In September, aviation minister Robert Courts was at Cranfield to watch the demonstration flight. “It’s one of the most historic moments in aviation for decades, and it is a huge triumph for ZeroAvia,” he said after the flight. Time magazine named ZeroAvia’s technology as one of the best inventions of 2020.

Even with the HyFlyer extended flight still to come, in December the U.K. government announced HyFlyer 2 — a £12.3 million ($16.3 million) project for ZeroAvia to deliver a 600kW hydrogen-electric powertrain for a larger aircraft. ZeroAvia agreed to have a 19-seat plane ready for commercialization in 2023. (It now says 2024.)

On the same day, ZeroAvia announced its $21.3 million Series A investor lineup, including Bill Gates’ Breakthrough Ventures Fund, Jeff Bezos’ Amazon Climate Pledge Fund, Ecosystem Integrity Fund, Horizon Ventures, Shell Ventures and Summa Equity. It announced another $23.4 million raise from these investors, without Amazon but with British Airways, in late March.

Miftakhov said the Malibu has now completed about a dozen test flights, with the long-distance U.K. flight pushed to later this year, due to COVID delays. And as for HyFlyer 2, Miftakhov now says that this will initially use half batteries and half fuel cells, although “the final certifiable flight configuration will get its full 600kW from the fuel cells.”

There is no doubt that ZeroAvia is facing a steep climb to deliver its promised aircraft, starting with the 19-seater, then a 50-seater plane in 2026, and a 100-seater by 2030.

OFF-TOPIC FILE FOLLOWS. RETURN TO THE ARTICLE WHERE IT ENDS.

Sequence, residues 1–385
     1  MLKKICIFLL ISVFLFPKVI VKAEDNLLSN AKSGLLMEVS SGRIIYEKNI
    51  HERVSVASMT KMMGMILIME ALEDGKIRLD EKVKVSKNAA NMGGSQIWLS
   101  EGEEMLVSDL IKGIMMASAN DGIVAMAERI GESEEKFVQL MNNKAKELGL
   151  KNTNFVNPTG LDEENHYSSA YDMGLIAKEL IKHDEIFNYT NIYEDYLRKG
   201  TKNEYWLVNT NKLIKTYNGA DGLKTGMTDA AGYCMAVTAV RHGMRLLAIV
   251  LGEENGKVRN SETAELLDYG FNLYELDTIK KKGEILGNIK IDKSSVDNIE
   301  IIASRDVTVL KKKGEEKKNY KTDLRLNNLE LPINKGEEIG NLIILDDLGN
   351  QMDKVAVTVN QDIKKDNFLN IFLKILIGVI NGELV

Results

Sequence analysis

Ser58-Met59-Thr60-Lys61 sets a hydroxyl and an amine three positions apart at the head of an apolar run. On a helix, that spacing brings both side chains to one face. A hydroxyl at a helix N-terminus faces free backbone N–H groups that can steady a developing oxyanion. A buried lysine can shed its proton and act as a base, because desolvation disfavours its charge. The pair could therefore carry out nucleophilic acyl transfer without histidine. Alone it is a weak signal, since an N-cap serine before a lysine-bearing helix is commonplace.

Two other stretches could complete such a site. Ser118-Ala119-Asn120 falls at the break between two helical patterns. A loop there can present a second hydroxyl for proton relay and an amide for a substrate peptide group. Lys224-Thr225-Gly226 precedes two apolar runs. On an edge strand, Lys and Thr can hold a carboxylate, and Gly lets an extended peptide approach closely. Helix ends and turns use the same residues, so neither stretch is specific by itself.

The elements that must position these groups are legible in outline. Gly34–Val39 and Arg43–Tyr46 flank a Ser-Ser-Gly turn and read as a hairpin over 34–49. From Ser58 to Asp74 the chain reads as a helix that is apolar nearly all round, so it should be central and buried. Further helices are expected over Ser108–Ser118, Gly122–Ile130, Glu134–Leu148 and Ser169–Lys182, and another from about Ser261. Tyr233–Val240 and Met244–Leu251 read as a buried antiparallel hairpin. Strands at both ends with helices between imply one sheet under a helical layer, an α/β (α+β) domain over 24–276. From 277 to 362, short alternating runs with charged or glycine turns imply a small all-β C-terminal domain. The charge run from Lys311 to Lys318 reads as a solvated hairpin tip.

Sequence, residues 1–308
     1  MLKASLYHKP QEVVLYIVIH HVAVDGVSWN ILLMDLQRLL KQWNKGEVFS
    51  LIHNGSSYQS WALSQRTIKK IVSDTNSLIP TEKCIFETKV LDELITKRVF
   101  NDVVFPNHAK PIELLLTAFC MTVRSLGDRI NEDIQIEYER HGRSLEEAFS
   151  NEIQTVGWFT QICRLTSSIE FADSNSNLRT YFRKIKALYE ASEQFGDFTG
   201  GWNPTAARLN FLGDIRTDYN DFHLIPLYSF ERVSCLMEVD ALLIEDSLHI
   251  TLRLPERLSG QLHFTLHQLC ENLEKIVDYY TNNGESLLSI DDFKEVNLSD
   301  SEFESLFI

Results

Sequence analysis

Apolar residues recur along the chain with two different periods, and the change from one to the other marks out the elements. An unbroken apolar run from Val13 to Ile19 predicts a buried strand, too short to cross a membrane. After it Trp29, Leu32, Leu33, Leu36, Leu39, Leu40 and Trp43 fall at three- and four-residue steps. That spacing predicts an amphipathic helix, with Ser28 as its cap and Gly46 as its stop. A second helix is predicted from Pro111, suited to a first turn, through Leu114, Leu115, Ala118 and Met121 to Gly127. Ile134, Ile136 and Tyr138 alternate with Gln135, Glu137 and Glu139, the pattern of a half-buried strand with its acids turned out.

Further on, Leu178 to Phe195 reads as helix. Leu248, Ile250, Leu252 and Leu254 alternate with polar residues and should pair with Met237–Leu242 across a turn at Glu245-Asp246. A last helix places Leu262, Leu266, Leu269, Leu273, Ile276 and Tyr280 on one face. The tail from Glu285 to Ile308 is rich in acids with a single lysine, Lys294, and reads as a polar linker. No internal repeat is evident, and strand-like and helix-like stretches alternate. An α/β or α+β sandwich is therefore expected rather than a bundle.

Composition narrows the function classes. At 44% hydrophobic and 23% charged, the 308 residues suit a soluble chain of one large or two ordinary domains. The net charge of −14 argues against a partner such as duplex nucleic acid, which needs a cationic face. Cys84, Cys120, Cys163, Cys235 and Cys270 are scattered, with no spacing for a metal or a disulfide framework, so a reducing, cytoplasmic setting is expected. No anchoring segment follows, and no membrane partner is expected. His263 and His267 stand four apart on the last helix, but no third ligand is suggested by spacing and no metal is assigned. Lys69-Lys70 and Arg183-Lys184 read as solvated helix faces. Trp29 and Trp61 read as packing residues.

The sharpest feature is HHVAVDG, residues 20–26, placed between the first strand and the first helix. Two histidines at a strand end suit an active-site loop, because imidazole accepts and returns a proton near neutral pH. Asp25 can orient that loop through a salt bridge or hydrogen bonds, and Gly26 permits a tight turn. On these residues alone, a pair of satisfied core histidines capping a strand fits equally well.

Hydrogen fuel cells still have a whiff of snake oil about them, thanks to Nikola, a startup that exaggerated a public demonstration of a hydrogen fuel cell truck, triggering a collapse in its share price and investigation by the SEC. The best option for ambitious start-ups like ZeroAvia is to be more transparent about their current technology and the challenges that lie ahead, even if that means tempering the expectations of investors and a public excited by the prospect of sustainable air travel.

“I desperately want ZeroAvia to be successful,” says Paul Eremenko. “I think we have very complementary business models and together we help complete the value chain to make hydrogen aviation happen.”

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Sunday raises $24 million seed round to build a fast restaurant checkout flow

Meet Sunday, a new startup that is going to attract some headlines as it has raised a $24 million seed round at a $140 million post-money valuation. That’s a lot of money for a company that started just a few months ago but that’s because Sunday wants to move quickly.